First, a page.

Archive for September, 2015


Sign up for Intro to Mechanics this October

Friday, September 18th, 2015

Registration is open for our Intro to Mechanics series running in the month of October (and then again in November). Over 4 Thursday evenings sessions from 6:30 pm to 8:30 pm learn everything from fixing a flat to truing your wheels, overhauling your bearings and tuning your brakes and derailleurs. Sign up for the whole series or individual workshops here.

 


 

Volunteer Bike Building for Those that Don’t Have Access

Friday, September 11th, 2015

This Summer we introduced a brand new program and are currently looking for volunteers! On Monday evenings we build and repair used bikes to be given to those that need them, but don’t yet have access. We work with groups such as Bici Libre to get in contact with individuals that face barriers to autonomous mobility and could benefit from owning a bike.

At this program, volunteers sign up to help out for 4 consecutive sessions. A staff mechanic is on hand to provide instruction, and each week focuses on a different theme, with the intention that the program provide a structured learning environment for volunteers to practice bike mechanics as well as produce quality, safe bicycles.

Since volunteer space in this program is limited, sign-up is required. Although you by no means need to be an expert, we ask that you have some prior mechanical experience and have volunteered with us before; drop by our weekly P&Y Volunteer Night or monthly ReCycle Night.

The next session will take place on the following Mondays from 6-9pm: September 21st, September 28th, October 5th & October 19th. Click here to sign up!

If you have any questions or concerns, contact Aida at programs@bikecoop.ca.

 

 


 

Building my First Bike: an Apollo Custom Sport

Friday, September 11th, 2015

by Kim Trainor

apolloAt the beginning of the year I decided to learn how to fix my own bike after a series of unfortunate flats on my ancient Norco step-through: sudden inner tube failure; broken rubber rim strip; pierced last-minute-replacement plastic rim strip followed by dramatic explosion of inner tube followed by return to a rubber rim strip; slow valve leak. Although I’m extremely unmechanical I enjoyed learning how to fix them, first with the help of a friend (a former bike mechanic who suffered silently through all this), then through solo trial and error. I volunteer with HUB, and decided to take some of their classes at Kickstand on brakes, drivetrain, and so on, and then began to think I’d really like to learn more and, if possible, build my own bike.

I teach as a sessional at UBC, so I knew about the Bike Kitchen, and was lucky that the Co-op had just started up again its Build Your Own Bike program. I turned out to be the first person to sign up. My mentor was Pablo, who also taught the courses I took at Kickstand. Pablo’s a great teacher and it was fun to work with him again over the summer. It was also good to be a student again. I decided I wanted to find an old road bike that I could overhaul, as opposed to building a brand new bike from scratch. I liked the idea of recycling and using as much of the original bike as possible. The hardest part of the project was finding a suitable bike as I needed to find a very small frame — about 19″. I was lucky, and found an Apollo Custom Sport, circa 1983, which turned out to be in really good condition, with a good frame — lugged, double-butted, Tange steel — and a triple chainset. Pablo helped me to strip the bike, assess the various components, and advise on which parts could or should be upgraded. In the end, we replaced the seat post and saddle, the bars, the brake levers, the pedals, the front derailleur, the chain, and the freewheel. I decided I wanted to keep the original wheels, which were still in good shape, instead of switching to a new rear wheel with freehub and cassette, which might also have meant cold-setting the frame. I loved the Shimano Deore rear derailleur and downtube shifters, so kept those and they work perfectly with the new freewheel. The friction shifting is gorgeous. We also put on SKS Longboard fenders and a rear rack. Pablo convinced me to try toe cages and although I was sceptical, now I love them.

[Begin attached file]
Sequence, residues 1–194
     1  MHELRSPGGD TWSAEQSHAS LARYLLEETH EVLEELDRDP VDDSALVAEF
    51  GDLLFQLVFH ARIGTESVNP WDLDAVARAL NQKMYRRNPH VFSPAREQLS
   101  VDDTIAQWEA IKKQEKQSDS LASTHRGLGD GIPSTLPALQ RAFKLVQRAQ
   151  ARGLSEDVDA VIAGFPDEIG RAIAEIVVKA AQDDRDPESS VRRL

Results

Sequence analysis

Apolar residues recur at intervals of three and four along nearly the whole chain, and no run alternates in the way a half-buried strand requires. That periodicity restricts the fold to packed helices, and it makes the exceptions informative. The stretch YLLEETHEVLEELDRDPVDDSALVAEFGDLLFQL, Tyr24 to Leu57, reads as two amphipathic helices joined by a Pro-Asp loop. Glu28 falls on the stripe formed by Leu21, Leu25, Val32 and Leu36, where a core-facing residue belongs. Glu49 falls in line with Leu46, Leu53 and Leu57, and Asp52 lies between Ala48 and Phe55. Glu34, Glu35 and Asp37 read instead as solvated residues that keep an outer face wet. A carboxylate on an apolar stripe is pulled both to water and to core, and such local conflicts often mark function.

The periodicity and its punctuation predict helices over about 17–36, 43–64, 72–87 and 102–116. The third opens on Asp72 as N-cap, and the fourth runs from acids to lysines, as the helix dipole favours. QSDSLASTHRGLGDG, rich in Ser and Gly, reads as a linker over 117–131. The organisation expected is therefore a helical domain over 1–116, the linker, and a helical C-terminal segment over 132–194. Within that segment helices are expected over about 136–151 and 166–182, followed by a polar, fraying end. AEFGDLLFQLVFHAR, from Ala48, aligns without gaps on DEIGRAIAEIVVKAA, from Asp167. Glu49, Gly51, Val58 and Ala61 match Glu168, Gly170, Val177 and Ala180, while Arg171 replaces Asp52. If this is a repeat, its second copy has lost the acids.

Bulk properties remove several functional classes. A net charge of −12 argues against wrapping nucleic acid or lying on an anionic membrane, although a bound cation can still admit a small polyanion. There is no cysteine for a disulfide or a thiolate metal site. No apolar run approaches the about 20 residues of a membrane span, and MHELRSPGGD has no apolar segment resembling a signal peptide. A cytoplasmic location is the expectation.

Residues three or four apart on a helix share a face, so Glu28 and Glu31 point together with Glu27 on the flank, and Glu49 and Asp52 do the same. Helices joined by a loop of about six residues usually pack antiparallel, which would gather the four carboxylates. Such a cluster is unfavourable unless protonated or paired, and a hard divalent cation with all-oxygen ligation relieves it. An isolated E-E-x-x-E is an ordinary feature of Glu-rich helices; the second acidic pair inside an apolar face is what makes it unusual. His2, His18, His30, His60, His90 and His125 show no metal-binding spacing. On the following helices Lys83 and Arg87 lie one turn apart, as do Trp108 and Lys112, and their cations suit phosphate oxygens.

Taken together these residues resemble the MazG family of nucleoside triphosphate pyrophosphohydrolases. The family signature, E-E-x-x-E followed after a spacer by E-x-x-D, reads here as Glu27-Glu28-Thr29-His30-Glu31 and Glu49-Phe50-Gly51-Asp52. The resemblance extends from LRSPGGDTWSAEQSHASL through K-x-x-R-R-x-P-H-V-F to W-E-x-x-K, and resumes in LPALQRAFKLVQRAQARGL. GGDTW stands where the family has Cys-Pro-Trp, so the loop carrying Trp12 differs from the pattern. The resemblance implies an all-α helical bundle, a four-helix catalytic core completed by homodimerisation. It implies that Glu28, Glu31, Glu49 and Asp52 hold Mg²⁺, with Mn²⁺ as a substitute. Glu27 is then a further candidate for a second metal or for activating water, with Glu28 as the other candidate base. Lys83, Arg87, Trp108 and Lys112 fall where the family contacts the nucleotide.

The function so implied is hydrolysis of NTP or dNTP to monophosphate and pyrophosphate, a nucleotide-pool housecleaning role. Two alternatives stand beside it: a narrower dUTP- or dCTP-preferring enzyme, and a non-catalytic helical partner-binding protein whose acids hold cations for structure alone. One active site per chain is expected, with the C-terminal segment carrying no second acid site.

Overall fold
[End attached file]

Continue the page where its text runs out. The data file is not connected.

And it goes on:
apollo2It was a great experience to work with Pablo and the other mechanics at the Bike Kitchen. Everyone was super friendly and helpful. The program gives you a chance to learn how each component of the bike goes together. And because I was working with an older bike, I also got to do some standard maintenance, such as overhauling a hub and headset, replacing brake pads, adjusting side-pull calliper brake springs, and taking apart and cleaning the crankset and the rear derailleur. You also become familiar with a lot of the standard tools used to work with bikes and basic mechanical practices.

The final test was taking my Apollo on a solo bike camping trip to Galiano this August — Montague Harbour and then on to Dionisio Point, a somewhat remote site at the northern tip of the island. I felt confident doing this as I have a fairly good understanding now of how my bike works, and what I need to do if something goes wrong. The bike worked beautifully. My thanks to the AMS Bike Co-op and everyone at the Bike Kitchen!dionisio